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Short Range Public Discussion
 
(Caution: Version displayed is not the latest version. - Issued 0528Z Jul 03, 2020)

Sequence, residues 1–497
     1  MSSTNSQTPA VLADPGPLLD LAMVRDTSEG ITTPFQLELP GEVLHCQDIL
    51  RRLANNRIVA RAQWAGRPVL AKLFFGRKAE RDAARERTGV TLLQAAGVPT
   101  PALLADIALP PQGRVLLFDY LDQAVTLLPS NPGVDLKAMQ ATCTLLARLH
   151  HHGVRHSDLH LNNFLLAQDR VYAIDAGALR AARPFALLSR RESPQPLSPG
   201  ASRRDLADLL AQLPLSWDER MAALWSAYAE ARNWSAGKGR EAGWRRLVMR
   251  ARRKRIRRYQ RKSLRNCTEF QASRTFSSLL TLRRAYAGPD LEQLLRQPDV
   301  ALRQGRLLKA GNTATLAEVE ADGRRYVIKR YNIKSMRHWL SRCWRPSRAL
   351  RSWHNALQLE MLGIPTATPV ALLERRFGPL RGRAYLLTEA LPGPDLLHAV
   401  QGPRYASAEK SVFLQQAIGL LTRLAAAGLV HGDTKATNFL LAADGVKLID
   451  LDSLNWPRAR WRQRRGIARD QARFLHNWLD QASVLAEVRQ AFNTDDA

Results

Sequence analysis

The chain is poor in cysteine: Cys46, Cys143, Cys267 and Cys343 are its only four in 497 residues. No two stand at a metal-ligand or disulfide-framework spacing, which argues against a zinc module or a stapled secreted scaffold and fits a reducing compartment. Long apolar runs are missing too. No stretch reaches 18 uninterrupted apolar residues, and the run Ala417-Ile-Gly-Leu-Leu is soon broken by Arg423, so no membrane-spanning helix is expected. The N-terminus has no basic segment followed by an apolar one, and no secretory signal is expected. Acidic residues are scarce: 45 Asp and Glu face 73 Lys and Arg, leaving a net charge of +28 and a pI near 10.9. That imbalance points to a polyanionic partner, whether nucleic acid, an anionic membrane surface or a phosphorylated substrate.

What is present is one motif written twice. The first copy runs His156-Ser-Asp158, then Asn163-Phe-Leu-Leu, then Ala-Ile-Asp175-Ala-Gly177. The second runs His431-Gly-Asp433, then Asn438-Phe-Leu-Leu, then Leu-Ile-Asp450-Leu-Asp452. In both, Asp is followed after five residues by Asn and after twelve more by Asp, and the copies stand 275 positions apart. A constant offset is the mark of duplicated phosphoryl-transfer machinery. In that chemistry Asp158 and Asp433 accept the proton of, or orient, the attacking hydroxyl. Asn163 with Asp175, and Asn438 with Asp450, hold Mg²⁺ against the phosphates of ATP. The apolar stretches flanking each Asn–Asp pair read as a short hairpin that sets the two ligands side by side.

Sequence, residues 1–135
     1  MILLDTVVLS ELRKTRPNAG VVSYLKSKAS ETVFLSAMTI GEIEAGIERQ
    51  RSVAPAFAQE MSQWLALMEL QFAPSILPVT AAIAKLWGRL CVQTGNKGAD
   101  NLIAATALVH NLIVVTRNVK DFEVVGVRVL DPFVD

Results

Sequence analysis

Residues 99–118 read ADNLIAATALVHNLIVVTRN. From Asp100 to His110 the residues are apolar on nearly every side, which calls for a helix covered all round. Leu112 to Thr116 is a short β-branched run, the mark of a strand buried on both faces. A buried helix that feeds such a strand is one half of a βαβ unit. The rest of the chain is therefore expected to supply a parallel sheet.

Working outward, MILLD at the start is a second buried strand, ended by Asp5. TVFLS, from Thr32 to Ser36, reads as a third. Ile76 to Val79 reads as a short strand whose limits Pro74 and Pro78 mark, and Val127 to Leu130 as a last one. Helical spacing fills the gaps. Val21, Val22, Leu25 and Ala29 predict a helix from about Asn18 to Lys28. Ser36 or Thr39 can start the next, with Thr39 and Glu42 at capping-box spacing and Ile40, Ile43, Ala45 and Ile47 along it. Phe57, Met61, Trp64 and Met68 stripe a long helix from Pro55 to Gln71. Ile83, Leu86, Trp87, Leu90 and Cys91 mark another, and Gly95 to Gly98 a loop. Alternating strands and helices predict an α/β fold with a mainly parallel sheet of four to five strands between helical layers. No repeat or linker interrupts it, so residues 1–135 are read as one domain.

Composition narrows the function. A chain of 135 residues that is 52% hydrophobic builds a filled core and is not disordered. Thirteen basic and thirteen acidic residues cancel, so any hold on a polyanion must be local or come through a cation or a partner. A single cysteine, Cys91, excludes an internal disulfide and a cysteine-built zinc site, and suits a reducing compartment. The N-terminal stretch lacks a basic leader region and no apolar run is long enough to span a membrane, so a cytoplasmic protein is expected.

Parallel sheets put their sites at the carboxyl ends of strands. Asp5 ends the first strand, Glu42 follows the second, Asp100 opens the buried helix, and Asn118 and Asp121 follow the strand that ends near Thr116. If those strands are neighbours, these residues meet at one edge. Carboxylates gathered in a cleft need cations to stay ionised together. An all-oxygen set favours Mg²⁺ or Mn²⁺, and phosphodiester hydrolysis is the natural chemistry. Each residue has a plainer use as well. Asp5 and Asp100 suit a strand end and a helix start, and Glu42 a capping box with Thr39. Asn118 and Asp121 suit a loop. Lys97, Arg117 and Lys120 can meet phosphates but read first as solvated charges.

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Short Range Forecast Discussion NWS Weather Prediction Center College Park MD 128 AM EDT Fri Jul 03 2020 Valid 12Z Fri Jul 03 2020 - 12Z Sun Jul 05 2020 ...Showers and thunderstorms for parts of the northern Plains... ...Record highs possible for the Upper Midwest as well as parts of Florida... Cooler than normal temperatures will stay entrenched over the Pacific Northwest into the start of the holiday weekend as troughing maintains an onshore flow. High pressure over the western Great Lakes is forecast to bring warm/hot temperatures into the low 90s that could tie or break record highs from Minnesota to Wisconsin today. This heat will extend to the Mid-Atlantic where mid 90s will be possible for some coastal plain locations (Philly/DC/Richmond). Florida may see another day with near-record heat for a few places but generally near to below normal temperatures over the Southeast to the Gulf Coast. In eastern New England, a back-door cold front will bring in cool temperatures from the Atlantic with highs only in the low 70s around Boston today. Through Saturday, showers and thunderstorms are expected along a stationary frontal boundary from the Mid-South to the eastern Gulf Coast region and northern Florida, with some potential for flash flooding due to some localized heavy rain totals. Scattered showers and thunderstorms are expected for the Northeast in the vicinity of the back-door cold front today with a bit of clearing for Saturday. In the north-central U.S., a front will promote some rain and thunderstorms (some severe) as well as some flash flooding in areas that see heavier rain. On the southern part of the western upper-level trough, southwesterly flow ahead of a front will lead to gusty winds and low humidity in the Central Great Basin. While the highest concentration of Saharan dust has dissipated, another round impacting the western and central Gulf Coast states should linger into the weekend. The primary impacts of the Saharan dust are hazy skies during the day, locally reduced visibility, degraded air quality, and the potential for vividly colorful sunrises and sunsets. Fracasso Graphics available at www.wpc.ncep.noaa.gov/basicwx/basicwx_ndfd.php